Preferably, the front portion of the pushbutton 122 (i.e., the portion of the pushbutton visible to a user) is illuminated uniformly. To accomplish this, the sub-button 152 and the retainer 160 provide a plurality of lenses (i.e., a lens structure) to direct the light emitted from the LEDs to the front surface 151 of the pushbutton 122. FIG. 13 is a side view of the sub-button 152 and the retainer 160 demonstrating the transmission of light rays 218 from the lens 212 of the LED 144. The retainer 160 provides a first Fresnel lens pattern 220 on the rear surface and a second Fresnel lens pattern 222 on the inner front surface to redirect the light rays 218 towards the sub-button 152. The sub-button 152 provides a convex lens 224 (i.e., a third lens) on the rear surface for redirecting and diverging the light rays 218 towards the front surface 151 of the pushbutton 122. The sub-button 152 further comprises a textured portion 226 (i.e., a fourth lens) for diffusing the light rays to all surfaces on the front portion of the pushbutton 122 (i.e., including the front surface 151 and the sidewalls 157).

FIG. 14A is a left-side view of the retainer 160 showing the first Fresnel lens pattern 220 and FIG. 14B is a top cross-sectional view of the retainer showing the second Fresnel lens pattern 222. The first and second Fresnel lens patterns 220, 222 each include a plurality of parallel striations, with each of the parallel striations forming a ramping structure. The parallel striations of the first Fresnel lens pattern 220 are arranged in the lateral direction (i.e., in the direction of the X-axis), while the parallel striations of the second Fresnel lens pattern 222 are arranged along the longitudinal direction (i.e., in the direction of the Y-axis). The first and second Fresnel lens patterns 220, 222 operate to direct the light rays 218 towards the sub-button 152. The first Fresnel lens pattern 220 redirects the rays 218 from the LEDs 144, 145 in the longitudinal direction and the second Fresnel lens pattern 222 redirects the light rays 218 from the LEDs 144, 145 in the lateral direction away from the sidewalls 157 towards the front surface of the pushbutton 122.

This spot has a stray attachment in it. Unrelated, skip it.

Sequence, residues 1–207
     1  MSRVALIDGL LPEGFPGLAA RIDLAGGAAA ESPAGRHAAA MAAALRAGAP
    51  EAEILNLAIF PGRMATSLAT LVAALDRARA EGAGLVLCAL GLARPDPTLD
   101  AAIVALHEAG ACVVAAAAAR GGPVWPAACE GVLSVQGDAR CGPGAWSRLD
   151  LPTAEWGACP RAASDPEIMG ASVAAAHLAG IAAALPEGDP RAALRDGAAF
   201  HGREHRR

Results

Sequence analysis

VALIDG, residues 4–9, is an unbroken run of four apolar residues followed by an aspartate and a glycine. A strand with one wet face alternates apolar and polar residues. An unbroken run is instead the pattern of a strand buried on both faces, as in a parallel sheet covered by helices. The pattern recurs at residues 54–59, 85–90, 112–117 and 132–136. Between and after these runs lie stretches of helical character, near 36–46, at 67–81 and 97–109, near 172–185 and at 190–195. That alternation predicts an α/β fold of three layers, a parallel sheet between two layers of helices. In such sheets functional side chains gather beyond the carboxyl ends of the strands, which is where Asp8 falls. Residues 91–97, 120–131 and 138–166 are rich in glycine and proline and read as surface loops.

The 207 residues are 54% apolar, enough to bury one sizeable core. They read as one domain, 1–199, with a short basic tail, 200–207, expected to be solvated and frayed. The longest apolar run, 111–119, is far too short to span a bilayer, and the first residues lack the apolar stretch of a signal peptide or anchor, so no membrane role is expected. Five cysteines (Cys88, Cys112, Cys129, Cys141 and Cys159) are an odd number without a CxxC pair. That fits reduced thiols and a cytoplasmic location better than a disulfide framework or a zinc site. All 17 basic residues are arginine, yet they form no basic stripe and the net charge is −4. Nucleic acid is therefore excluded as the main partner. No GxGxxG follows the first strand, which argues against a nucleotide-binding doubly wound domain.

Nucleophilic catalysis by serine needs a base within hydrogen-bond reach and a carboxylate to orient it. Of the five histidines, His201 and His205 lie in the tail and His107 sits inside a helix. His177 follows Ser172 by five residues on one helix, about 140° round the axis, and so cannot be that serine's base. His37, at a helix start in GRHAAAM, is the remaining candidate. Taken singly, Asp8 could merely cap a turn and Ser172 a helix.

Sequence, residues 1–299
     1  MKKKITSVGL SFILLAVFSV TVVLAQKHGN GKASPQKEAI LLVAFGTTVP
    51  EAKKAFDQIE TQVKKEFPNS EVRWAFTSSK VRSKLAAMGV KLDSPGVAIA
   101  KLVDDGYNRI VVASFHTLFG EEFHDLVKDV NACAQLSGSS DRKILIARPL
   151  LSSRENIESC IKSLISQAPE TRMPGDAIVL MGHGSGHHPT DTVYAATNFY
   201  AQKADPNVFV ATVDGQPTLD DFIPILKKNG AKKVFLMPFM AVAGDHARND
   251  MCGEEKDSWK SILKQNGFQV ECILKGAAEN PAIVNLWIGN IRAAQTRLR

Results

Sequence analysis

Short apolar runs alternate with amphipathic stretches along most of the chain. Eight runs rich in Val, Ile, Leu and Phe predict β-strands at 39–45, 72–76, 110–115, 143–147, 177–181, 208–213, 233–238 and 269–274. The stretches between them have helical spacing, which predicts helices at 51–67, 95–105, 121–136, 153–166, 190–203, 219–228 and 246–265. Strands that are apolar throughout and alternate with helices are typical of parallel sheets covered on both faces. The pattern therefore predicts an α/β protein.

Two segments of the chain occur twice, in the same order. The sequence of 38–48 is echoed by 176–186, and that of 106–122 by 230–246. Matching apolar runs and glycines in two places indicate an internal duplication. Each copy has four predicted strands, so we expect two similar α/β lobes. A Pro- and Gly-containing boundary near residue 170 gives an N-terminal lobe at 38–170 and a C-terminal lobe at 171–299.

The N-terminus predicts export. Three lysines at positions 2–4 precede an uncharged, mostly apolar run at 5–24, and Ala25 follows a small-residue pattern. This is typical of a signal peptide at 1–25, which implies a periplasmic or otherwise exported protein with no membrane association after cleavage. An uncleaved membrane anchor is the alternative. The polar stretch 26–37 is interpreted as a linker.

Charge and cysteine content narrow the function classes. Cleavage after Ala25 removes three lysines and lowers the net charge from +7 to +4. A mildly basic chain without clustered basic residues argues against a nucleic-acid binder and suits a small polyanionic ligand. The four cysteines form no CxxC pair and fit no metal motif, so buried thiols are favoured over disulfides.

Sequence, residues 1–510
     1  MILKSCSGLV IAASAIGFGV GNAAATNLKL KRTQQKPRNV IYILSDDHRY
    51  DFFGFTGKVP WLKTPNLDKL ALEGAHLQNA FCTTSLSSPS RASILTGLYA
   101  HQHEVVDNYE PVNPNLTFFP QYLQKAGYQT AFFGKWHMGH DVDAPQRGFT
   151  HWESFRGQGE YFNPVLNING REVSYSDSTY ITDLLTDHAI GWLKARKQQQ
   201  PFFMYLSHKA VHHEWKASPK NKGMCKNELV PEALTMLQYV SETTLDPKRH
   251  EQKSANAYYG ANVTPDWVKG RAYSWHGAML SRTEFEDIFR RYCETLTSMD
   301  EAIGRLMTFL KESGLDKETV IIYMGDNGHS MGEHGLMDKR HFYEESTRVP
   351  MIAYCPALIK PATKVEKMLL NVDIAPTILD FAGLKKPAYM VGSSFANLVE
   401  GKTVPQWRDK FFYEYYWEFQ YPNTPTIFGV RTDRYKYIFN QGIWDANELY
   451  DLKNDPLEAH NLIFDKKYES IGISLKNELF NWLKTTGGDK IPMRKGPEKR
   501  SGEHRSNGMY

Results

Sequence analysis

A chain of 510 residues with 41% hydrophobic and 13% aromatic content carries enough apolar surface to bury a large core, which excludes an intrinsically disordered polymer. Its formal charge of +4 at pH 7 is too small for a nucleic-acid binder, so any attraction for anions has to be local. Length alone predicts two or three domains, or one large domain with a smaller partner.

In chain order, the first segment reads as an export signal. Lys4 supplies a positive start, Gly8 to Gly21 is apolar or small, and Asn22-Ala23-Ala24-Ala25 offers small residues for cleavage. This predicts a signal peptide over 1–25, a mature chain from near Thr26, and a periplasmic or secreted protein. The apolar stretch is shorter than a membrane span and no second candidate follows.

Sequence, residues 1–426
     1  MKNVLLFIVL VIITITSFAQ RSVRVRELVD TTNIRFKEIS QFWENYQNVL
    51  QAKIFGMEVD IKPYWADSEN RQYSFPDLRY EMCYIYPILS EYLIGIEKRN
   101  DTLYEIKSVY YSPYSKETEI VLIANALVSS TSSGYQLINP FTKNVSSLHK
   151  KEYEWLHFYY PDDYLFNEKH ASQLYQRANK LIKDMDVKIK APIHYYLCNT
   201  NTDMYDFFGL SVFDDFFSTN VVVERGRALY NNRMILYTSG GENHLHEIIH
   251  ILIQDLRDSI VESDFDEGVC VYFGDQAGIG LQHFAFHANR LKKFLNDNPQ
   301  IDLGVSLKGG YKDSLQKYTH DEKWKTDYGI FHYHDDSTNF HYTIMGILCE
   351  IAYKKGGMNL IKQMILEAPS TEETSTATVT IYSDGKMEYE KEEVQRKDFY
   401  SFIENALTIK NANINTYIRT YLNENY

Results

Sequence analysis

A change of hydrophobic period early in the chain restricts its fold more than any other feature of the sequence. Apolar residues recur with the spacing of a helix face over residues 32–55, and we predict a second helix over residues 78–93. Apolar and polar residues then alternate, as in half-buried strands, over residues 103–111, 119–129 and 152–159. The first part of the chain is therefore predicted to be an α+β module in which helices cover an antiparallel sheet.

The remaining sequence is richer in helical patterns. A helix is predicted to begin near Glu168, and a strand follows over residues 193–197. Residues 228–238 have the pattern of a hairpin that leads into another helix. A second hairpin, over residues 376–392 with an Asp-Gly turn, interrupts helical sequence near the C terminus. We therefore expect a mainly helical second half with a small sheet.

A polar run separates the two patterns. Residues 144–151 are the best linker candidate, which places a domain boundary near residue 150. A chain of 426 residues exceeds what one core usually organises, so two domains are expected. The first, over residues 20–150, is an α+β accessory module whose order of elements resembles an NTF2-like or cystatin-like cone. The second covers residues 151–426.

The convex lens 224 is formed in the rear surface of the sub-button 152 and operates to redirect the light rays 218 towards the front surface 151 of the pushbutton 122, while also diverging the light rays across the front surface. As previously described, the bell-shaped receptacle 166 of the sub-button 152 receives the return spring 158. The bell-shaped receptacle is not designed to redirect the light rays 218. The first and second Fresnel lens patterns 220, 222 of the retainer 160 redirect the light rays 218 towards the convex lens 224 and the convex lens redirects the light rays towards the inner front surface 153 of the pushbutton 122 (i.e., around the bell-shaped receptacle 166). The convex lens 224 also diffuses the light rays 218 across the inner front surface 153 of the pushbutton 122 to uniformly illuminate and avoid “hot spots” on the outer front surface 151 of the pushbutton. The textured portion 226 of the sub-button 152 operates to further diffuse the light rays 218 uniformly to the front surface 151 and the sidewalls 157 of the pushbutton 122.

The light rays 218 are also refracted by a front surface 228 of the sub-button 152 to contact the inner front surface 153 and thus illuminate the outer front surface 151 of the pushbutton 122. Preferably, the distance between the front surface 228 of the sub-button 152 and the inner front surface 153 of the pushbutton 122 is substantially constant across the length of the front surface of the sub-button 152. Accordingly, the LEDs 144, 145 are in optical communication with the inner front surface 153 of the pushbutton 122.

Although the present invention has been described in relation to particular embodiments thereof, many other variations and modifications and other uses will become apparent to those skilled in the art. It is preferred, therefore, that the present invention be limited not by the specific disclosure herein, but only by the appended claims.

Patent Citations
Cited PatentFiling datePublication dateApplicantTitle